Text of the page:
Attorney General Levi Peter has welcomed the ruling by the Court of Appeal of the Eastern Caribbean Supreme Court that late Thursday night dismissed an appeal by a group of Dominicans that was aimed at postponing Friday’s general election to February next year.
“As I had indicated after the High Court, I felt our case was strong and solid and I think that it has been endorsed by the Court (of Appeal) has given.
“The appellants have their entitlements, they applied to the court and this is the way these matters should be dealt with through the legal processes and. I am comfortable with the decision,” Peter said.
Peter, along with President Charles Savarin, the Electoral Commission, the Chief Elections Officer and the state owned DBS radio had been named as the respondents in the application filed by the group of Dominicans, including the president of the Concerned Citizens Movement (CCM), Loftus Durand, seeking an interim injunction restraining the parties concerned from holding the elections on December 6, or an any other date, prior to February 5, 2020 unless the procedures are fully in place to hold the elections.
Earlier this week, High Court judge, Justice Bernie Stephenson, ruled that the court had no jurisdiction to hear the application saying the elections in question “can only be challenged by election petition” after the polls had taken place.
The three-member panel of judges, headed by Chief Justice Janice Pereira and including Justices Mario Michel and Gretel Thom, ruled that it “will not disturb the decision of the trial judge”.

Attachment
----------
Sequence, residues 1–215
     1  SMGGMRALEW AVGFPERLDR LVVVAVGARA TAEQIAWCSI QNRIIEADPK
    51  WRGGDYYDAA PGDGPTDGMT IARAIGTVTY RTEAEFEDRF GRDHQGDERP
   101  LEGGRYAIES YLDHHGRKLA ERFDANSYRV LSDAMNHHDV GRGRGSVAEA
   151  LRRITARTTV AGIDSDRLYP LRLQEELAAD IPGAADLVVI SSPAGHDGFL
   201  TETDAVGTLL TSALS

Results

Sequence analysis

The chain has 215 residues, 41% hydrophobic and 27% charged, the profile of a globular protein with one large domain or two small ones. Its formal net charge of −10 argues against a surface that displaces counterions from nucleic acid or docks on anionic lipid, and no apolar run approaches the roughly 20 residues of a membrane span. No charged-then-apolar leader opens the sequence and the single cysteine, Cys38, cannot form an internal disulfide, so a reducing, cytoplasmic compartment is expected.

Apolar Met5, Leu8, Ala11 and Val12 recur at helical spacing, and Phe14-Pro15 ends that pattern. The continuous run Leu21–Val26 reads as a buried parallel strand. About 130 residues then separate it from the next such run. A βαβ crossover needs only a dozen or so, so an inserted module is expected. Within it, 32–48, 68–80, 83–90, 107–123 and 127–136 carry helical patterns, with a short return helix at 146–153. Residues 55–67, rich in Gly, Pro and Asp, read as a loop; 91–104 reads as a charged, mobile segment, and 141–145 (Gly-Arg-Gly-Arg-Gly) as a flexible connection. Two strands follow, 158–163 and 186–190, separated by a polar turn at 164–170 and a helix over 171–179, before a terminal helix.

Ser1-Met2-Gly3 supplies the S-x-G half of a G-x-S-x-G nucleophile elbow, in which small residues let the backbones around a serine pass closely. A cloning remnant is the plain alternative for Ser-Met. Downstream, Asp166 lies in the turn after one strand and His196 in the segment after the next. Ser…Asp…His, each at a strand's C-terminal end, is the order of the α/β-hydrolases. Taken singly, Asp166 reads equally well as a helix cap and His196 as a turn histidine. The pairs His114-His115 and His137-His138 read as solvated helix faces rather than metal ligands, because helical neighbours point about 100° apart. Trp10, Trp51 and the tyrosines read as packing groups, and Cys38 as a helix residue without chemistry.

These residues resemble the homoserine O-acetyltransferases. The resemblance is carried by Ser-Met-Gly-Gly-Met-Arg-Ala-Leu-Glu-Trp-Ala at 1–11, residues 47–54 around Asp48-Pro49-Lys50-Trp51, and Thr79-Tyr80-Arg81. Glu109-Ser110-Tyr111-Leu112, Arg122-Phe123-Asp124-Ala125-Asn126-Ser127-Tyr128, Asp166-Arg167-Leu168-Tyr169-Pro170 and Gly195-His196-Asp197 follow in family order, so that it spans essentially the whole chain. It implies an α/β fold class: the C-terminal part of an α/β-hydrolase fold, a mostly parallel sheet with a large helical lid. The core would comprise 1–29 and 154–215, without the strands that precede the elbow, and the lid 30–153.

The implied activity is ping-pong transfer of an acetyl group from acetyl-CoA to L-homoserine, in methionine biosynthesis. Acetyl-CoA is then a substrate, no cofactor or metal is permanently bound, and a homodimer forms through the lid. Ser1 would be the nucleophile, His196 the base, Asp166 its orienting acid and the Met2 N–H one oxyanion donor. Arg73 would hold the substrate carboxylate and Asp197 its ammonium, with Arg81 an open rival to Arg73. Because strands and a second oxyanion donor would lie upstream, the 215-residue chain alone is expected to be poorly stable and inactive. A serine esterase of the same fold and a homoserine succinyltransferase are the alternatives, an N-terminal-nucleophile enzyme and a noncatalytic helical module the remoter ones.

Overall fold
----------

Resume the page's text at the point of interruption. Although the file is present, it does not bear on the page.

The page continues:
Attorney Lennox Lawrence, who represented President Savarin, said he was pleased that Dominicans would be able to vote in the election on Friday adding the “court has upheld the law that is well established in the region …particularly in Dominica in 2005.
“So we know our democratic rights can be expressed unhindered which was our first position all along. So we are very happy for the decision and also wish Dominica will have a peaceful elections’
The lawyer representing the petitioner’s, Cara Shillingford said that while her clients are concerned about the number of “irregularities” regarding the election, noting that “during the hearing the Court of Appeal judges indicated that these are issues that can be raised through election petitions after an election.
In Friday’s general election, Prime Minister Roosevelt Skerrit, who is seeking a fourth consecutive term in office for the Dominica Labour Party, is being challenged by Lennox Linton, the leader of the main opposition United Workers Party for control of the 21 seat Parliament.